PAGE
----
3) Keto Steak Chili with Refried “Beans” from 518 Kitchen

Nutritional Info to Note: 

  • 800 calories
  • 68 grams of fat
  • 18 grams of carbohydrates
  • 8 grams of fiber
  • 34 grams of protein

A frozen burrito or wrap is a classic frozen food item. Unfortunately, some wraps or burritos contain more processed foods and are high in carbs. Luckily, some options may be slightly better in terms of nutrition.

One of these options is Keto Steak Chili with Refried "Beans" from 518 Kitchen. This plate is similar to a deconstructed burrito and is keto-friendly. It contains 34 grams of protein and eight grams of fiber and sits at 800 calories.

While this type of meal can be quite satiating due to its protein, fat, and fiber content, it's important to note that it is higher in fat, contributing to its higher calorie count, so you may want to be careful with your portion size. Try cutting the meal in half to make two portions, and add some non-starchy vegetables to add bulk to the meal and increase nutrient density without too many extra calories. 

4) Chicken Pesto from Primal Kitchen

Nutritional Info to Note: 

  • 460 calories
  • 39 grams of fat
  • 10 grams of carbohydrates
  • 5 grams of fiber
  • 18 grams of protein

This chicken pesto and cauliflower rice meal from Whole Foods is another great frozen meal with minimal ingredients. It is also dairy-free (a good option for those who are lactose intolerant or avoiding dairy) and contains 18 grams of protein and just 490 calories.

The meal also contains five net grams of carbs, making it an excellent option for anyone following a keto diet. The mix of protein, fats, and fiber makes this dish a perfect go-to for a blood sugar-friendly option to have in your freezer.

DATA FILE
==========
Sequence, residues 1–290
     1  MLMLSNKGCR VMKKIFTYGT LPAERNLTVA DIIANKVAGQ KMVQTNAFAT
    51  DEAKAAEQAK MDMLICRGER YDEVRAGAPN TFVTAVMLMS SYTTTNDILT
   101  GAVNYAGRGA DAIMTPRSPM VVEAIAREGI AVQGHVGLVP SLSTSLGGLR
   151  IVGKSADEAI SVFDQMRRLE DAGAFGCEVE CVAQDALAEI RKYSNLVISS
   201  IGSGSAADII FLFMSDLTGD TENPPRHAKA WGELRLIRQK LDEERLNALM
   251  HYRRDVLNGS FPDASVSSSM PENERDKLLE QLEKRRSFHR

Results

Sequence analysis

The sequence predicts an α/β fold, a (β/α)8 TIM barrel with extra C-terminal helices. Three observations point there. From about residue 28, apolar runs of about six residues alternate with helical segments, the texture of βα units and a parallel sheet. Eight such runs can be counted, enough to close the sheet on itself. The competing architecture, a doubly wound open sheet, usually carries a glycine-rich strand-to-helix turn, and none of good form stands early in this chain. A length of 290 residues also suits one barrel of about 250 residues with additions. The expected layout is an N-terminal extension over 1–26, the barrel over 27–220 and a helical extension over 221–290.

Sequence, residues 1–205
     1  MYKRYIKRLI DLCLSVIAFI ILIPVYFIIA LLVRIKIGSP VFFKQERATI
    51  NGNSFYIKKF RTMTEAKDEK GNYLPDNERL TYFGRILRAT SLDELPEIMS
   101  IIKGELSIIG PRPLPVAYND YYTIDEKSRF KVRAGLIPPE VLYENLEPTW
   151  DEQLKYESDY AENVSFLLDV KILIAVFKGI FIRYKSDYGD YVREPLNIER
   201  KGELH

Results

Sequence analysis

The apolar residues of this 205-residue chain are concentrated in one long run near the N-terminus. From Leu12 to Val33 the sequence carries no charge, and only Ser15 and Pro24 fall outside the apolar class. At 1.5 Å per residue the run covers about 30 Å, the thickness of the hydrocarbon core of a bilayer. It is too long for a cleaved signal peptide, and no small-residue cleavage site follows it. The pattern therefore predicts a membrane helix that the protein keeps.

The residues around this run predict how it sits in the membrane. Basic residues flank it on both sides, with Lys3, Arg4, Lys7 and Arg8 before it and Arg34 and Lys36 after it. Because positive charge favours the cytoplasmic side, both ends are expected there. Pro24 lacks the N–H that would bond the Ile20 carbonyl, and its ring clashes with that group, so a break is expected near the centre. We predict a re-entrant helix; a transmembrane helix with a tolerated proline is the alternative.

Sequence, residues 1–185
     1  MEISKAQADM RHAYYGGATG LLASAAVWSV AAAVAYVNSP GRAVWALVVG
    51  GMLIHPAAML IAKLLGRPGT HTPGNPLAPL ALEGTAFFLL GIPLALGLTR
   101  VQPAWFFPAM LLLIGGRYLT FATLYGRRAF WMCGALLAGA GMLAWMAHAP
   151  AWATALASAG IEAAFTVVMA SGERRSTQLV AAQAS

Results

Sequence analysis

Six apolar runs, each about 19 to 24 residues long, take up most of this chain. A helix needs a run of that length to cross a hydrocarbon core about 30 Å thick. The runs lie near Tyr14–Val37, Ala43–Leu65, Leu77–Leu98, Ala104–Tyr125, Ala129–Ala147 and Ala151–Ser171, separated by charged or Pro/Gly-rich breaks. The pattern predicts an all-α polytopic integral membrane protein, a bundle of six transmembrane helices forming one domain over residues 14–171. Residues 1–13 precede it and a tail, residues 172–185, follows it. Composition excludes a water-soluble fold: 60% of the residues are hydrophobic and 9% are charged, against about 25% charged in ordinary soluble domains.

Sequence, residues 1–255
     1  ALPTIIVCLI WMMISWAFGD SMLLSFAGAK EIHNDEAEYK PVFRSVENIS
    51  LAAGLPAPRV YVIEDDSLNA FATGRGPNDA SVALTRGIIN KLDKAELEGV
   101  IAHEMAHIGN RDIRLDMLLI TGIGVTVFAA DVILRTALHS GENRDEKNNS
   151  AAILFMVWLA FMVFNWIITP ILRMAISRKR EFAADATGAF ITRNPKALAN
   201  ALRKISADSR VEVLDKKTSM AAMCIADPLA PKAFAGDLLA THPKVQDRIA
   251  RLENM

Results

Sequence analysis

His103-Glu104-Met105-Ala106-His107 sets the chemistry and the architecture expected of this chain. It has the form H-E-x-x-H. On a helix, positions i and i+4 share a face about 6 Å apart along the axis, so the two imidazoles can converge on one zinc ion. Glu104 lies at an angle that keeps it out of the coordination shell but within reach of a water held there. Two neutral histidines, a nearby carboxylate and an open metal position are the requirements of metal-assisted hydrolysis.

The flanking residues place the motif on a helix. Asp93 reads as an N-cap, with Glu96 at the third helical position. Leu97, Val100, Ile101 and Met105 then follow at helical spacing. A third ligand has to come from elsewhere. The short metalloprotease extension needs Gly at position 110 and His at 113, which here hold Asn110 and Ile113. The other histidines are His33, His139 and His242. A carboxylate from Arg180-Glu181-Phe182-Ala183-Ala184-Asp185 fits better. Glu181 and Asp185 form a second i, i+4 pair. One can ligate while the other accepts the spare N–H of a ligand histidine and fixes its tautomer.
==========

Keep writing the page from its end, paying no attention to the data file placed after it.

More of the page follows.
5) Grilled Chicken Caesar from Lean Cuisine

Nutritional information to note:

  • 260 calories
  • 8 grams of fat
  • 28 grams of carbohydrates
  • 2 grams of fiber
  • 19 grams of protein

This frozen meal from Lean Cuisine is a popular choice, for good reason. You’ll find it in most stores and it’s pretty healthy, so it’s a great, accessible option for when you need a meal in a hurry. 

With 19 grams of protein and only 260 calories per serving, it provides a satisfying, nutritious meal. Including broccoli adds some fiber and vitamins, making it a well-rounded choice. 

Make DIY Frozen Meals

Open freezer with frozen corn, peas, carrots, and cruciferous vegetables

If you have a bit of extra time and can tolerate some advance meal prepping, another great way to ensure your frozen meal is healthier is to DIY it. This can be as easy as throwing a few of your favorite ingredients in a storage box like Tupperware and storing them for the future.

To do this, start by grabbing your favorite fresh food ingredients. You can opt for a frozen vegetable medley from your local grocery store to make it easier. Next, you can add a carb source such as brown rice or precooked potatoes. If you're eating low-carb, omit this step and simply add more veggies or fat.